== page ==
Sheffield mothers unveil new war memorial to fallen sons

The unveilling and service of commemoration of the Shiregreen War Memorial.  Nicolette Williams and Ann Fellows hug after the unveiling

The unveilling and service of commemoration of the Shiregreen War Memorial. Nicolette Williams and Ann Fellows hug after the unveiling

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TWO years of hard work by Sheffield mothers to honour sons killed in Afghanistan and other victims of war have culminated with the unveiling of a new memorial.

Nicolette Williams, whose airman son Christopher Bridge died in 2007, started fundraising for the monument in Shiregreen Cemetery at the start of 2010.

She was later helped by Ann Fellows, mother of Royal Marine Steven Jamie Fellows, who was killed in the war zone the following year.

The two women reached the £35,000 target 12 months ago to pay for the memorial.

The new monument now honours Senior Aircraftsman Bridge, aged 20, of Shiregreen, and Lance Corporal Fellows, 26, of Parson Cross, along with 69 soldiers who died in World War Two and are buried at the cemetery.

Shiregreen was the only cemetery in Sheffield without a war memorial before Nicolette and Ann stepped in.

Nicolette said: “I had to do it because I couldn’t let Christopher, Jamie and all those other people be forgotten.

“I feel extremely proud that the memorial has been built but I am even prouder of those service personnel who have given their lives for our freedom. Now they will always be in people’s minds, thoughts and hearts.”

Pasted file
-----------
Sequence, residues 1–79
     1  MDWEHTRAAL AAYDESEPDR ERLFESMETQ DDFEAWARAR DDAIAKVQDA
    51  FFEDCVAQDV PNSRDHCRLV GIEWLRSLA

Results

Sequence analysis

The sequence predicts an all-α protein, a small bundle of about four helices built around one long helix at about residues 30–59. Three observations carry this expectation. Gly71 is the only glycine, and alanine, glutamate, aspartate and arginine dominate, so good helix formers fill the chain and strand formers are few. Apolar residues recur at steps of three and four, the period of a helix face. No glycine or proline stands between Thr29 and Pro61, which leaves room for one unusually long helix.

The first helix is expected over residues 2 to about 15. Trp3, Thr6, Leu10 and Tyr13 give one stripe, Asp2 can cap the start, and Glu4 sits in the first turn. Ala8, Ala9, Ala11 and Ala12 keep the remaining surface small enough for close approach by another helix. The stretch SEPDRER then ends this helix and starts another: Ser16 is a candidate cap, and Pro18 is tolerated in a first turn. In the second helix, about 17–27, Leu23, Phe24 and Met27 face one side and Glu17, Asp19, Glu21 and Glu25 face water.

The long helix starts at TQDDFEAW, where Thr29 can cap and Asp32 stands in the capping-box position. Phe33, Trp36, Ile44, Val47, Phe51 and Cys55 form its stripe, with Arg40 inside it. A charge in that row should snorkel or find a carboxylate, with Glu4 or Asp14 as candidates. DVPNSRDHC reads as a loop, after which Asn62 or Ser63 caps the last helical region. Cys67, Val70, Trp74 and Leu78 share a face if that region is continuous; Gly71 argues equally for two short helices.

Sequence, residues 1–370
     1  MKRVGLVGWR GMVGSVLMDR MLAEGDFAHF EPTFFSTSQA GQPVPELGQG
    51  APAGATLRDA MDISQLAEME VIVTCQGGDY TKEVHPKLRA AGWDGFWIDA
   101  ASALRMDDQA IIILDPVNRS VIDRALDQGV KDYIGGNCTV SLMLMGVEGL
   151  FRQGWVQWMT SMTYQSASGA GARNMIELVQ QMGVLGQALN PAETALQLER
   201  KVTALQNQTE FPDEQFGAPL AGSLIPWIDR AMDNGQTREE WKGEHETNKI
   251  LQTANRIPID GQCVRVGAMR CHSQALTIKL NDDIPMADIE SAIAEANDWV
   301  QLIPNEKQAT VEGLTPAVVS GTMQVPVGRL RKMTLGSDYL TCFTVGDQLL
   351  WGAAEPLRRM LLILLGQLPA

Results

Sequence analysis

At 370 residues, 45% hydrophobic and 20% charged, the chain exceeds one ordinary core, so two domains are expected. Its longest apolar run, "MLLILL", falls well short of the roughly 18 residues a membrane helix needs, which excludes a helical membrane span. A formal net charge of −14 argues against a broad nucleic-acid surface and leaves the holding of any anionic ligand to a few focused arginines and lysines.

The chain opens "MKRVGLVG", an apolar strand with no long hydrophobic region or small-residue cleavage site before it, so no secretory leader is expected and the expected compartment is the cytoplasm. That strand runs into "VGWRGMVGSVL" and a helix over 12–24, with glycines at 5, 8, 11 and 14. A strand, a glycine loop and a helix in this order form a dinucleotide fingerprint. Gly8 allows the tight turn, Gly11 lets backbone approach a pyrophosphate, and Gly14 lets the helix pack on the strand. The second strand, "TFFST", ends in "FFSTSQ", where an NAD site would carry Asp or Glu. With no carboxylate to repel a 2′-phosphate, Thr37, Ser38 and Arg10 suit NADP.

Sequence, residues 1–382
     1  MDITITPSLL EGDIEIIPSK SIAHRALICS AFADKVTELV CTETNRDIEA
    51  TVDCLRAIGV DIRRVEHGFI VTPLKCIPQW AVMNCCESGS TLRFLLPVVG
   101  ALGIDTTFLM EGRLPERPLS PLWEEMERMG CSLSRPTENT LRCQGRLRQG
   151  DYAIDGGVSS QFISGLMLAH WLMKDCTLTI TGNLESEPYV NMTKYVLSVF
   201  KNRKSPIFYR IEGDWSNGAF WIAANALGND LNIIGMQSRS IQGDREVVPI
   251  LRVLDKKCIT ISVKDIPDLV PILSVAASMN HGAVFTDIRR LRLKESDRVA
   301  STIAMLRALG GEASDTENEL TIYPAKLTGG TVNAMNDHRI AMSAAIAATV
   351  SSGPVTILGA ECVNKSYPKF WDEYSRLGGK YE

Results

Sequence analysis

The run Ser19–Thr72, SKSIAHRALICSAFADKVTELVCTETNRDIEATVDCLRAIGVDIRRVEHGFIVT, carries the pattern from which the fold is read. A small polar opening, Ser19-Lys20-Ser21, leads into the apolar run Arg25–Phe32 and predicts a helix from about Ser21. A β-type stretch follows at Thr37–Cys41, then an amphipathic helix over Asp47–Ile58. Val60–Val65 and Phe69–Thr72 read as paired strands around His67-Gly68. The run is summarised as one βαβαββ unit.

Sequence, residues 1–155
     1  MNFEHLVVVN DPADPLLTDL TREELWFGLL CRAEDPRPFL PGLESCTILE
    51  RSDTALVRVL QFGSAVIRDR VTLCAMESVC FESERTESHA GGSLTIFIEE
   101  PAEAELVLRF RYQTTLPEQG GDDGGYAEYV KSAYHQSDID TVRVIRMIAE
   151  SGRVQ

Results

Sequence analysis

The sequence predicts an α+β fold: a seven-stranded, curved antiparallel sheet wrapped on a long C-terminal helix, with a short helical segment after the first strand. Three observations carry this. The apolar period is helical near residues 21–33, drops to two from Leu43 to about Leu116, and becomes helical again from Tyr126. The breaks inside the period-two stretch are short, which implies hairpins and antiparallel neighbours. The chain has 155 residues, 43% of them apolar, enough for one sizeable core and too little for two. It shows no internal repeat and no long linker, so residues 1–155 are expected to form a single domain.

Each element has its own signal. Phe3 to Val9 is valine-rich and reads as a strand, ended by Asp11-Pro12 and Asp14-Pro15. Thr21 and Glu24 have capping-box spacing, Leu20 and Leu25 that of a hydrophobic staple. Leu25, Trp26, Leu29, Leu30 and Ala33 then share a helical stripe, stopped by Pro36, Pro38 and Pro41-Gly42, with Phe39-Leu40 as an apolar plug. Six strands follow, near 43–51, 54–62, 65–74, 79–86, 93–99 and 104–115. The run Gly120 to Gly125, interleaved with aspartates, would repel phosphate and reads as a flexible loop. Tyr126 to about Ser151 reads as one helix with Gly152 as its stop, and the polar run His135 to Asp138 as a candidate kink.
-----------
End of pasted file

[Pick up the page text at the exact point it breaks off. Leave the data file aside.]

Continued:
Nicolette will continue to raise cash for military charity Help for Heroes, which supports wounded troops.

The launch was attended by Lord Mayor Coun John Campbell, who has served in the Territorial Army.

He said: “We are a diverse and caring city and we are also generous and forgiving.

“We have respect for those of our fellow Sheffielders who gave up their lives in the cause of worldwide peace.”

Brightside and Hillsborough MP David Blunkett, who supported Nicolette and Ann’s fundraising with a £4,100 donation, said: “I would like to pay tribute to them for their determination and their extraordinary success in not only raising funds but persuading many people to join them in this.

“This is not just a physical memorial, a monument to those who have fallen in past and more recent conflict. This is a living example of how people, working together can actually proved a symbol of hope for the future.”

The new memorial is made of granite and incorporates a compass with a teardrop pointer and a dove of peace.

The base represents a map of Britain and the Union flag, and the upright section rests on Sheffield.

The ceremony followed a procession from Concord Park. Family and friends of some World War Two heroes also attended.

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